I’ve been trying to convince my French friends that yes…marshmallows do go atop sweet potatoes.
But only once a year. And only on Thanksgiving.
Maybe more than Americans, French people do like marshmallows. A lot. You see them in many bakeries and pastry shops, often in long strands, on display either in lengths or tied into knots, in apothecary jars. It’s a tradition that goes back, before the advent of gelatin, when marshmallows were made with mallow extract which was (and still may be) considered good for your respiratory system.
Nowadays the French eat lots of marshmallows, not necessarily on sweet potatoes, but as a candy or le snack. And my local pharmacy still carries them…although I don’t think they’re covered by my health insurance.
One of the most stunning marshmallow displays in Paris isn’t at a drugstore, but at Pain de Sucre in the Marais. A recent window featured big, crystal-clear jars filled with colorful, spongy cubes flavored with whiskey, angelica, matcha green tea, and my favorite—dark chocolate coated in flaked coconut.
I gotta tell you, these chocolate ones are really tops in my book. They are the best of both world: chewy, sticky marshmallows with just the right amount of sturdiness so they’re not overly-gooey, with a sophisticated blast of deep-chocolate flavor provided by the richest cocoa powder which ensures they’re not overly-sweet. The taste of chocolate doesn’t play a backseat to the marshmallow, but melds beautifully with it.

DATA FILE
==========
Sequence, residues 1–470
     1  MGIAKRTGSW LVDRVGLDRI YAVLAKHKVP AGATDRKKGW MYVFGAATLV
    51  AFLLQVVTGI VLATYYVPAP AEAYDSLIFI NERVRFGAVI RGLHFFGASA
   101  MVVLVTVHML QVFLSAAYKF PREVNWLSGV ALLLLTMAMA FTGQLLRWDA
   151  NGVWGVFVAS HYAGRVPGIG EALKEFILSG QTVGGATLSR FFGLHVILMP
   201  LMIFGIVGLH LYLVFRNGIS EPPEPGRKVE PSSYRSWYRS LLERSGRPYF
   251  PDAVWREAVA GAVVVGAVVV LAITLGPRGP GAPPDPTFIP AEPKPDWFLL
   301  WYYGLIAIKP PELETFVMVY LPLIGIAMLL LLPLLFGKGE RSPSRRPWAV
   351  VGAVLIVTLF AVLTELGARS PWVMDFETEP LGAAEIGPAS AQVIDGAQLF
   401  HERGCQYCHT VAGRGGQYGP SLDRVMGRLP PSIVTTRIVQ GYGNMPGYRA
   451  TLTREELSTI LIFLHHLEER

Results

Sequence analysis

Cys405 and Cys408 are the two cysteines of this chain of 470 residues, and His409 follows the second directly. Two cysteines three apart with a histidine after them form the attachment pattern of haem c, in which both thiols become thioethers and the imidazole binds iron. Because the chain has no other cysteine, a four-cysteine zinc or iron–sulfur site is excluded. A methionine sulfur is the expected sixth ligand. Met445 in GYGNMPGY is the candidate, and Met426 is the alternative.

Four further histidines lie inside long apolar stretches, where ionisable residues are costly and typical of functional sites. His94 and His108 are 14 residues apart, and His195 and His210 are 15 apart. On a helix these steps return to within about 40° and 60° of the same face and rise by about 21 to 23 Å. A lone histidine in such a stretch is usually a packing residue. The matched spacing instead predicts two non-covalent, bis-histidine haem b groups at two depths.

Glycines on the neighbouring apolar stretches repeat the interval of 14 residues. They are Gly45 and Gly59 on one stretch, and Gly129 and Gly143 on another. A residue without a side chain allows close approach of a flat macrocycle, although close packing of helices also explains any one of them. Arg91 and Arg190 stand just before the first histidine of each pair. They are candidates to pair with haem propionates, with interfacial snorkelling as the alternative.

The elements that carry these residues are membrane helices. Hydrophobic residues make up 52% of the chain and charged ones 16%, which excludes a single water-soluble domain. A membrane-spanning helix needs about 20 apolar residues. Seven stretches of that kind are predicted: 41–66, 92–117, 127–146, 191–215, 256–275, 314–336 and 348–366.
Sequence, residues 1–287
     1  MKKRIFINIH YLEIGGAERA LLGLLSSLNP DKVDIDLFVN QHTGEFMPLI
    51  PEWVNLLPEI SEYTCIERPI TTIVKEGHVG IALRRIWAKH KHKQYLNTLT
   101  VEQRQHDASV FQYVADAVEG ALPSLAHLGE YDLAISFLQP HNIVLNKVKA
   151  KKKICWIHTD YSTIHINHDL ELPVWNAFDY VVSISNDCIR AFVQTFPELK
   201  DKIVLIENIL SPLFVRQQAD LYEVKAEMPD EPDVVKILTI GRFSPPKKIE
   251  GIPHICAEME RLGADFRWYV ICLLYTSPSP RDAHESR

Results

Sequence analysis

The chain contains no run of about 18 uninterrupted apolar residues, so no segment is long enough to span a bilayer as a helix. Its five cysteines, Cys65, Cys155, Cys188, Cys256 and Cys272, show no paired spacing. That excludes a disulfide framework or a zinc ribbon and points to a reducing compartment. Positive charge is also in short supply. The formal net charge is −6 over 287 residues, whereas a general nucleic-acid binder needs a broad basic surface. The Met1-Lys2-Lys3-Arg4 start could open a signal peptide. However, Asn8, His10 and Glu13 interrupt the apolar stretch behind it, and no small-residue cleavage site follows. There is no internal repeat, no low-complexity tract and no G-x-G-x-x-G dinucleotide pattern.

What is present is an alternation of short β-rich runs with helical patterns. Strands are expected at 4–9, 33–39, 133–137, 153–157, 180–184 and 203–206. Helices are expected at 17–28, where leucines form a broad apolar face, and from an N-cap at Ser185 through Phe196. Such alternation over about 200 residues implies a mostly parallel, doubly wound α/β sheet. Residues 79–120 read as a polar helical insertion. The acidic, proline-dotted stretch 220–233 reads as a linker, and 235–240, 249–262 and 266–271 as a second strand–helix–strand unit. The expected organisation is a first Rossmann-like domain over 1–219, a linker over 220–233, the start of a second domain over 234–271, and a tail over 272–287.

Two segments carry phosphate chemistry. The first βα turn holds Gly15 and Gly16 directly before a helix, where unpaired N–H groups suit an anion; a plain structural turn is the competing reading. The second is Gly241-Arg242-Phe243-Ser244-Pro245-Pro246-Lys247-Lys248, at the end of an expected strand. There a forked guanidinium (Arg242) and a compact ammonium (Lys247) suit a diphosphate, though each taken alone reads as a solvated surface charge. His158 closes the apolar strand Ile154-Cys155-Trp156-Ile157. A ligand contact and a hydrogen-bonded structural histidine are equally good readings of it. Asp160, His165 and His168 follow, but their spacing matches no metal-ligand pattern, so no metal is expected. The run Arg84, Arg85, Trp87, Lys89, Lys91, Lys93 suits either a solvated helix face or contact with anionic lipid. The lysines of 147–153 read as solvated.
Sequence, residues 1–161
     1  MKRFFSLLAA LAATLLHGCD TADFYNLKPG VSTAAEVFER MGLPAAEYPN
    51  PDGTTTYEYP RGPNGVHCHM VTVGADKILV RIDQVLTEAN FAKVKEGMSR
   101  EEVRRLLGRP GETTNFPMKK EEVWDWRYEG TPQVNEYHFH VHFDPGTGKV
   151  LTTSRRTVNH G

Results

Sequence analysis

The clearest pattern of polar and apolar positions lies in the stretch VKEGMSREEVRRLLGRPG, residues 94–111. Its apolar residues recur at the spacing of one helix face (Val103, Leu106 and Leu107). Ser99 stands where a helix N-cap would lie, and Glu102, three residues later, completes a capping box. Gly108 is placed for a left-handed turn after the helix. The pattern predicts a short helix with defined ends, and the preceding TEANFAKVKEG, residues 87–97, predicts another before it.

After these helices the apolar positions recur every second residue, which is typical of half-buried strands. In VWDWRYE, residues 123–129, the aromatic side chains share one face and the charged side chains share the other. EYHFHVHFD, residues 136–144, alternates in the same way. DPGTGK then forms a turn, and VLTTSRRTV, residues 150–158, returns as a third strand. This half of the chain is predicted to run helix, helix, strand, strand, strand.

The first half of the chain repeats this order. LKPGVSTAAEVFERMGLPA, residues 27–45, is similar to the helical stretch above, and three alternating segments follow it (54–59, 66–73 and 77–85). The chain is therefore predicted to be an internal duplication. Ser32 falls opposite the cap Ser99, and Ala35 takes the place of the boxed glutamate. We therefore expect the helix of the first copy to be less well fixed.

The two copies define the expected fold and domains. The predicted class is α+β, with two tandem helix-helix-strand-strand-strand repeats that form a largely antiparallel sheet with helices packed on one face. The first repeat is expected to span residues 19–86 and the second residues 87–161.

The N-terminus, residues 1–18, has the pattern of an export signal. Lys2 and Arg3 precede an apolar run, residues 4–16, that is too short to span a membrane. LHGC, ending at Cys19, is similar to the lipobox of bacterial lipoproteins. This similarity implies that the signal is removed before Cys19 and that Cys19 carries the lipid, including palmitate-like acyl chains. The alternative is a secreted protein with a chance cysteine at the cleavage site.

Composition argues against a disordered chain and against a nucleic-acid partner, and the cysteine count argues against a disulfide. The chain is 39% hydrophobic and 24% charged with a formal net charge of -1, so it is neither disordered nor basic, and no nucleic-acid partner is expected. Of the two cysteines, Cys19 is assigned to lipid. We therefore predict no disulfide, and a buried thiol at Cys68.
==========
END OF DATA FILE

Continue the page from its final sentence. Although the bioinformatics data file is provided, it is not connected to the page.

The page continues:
And the coconut? Well, for a chocolate-coconut lover like me, that’s a touch of extra icing on the cake, so to speak.
All-in-all, these are the perfect confection.
They also have little lollypop-like marshmallows dipped in chocolate, meant to be reminiscent of Oursons Guimauve, or marshmallow teddy bears enrobed in chocolate that kids—and a few adults…whose name I won’t mention—have an affection for.
The flavors change frequently at Pain et Sucre and you never know what you’ll find there. But I was speeding past on my bike the other day, trying to beat the rain, and I almost crashed into the back of the #29 bus when I saw these piled high in the window, just begging to come home with me
Depending on how you look at it, these are much too precious to melt over sweet potatoes. Which I’m sure my French friends are going to be breathing a sigh of relief over in the upcoming weeks.
More Marshmallows in Paris.
A recipe for my version of this can be found in The Sweet Life in Paris.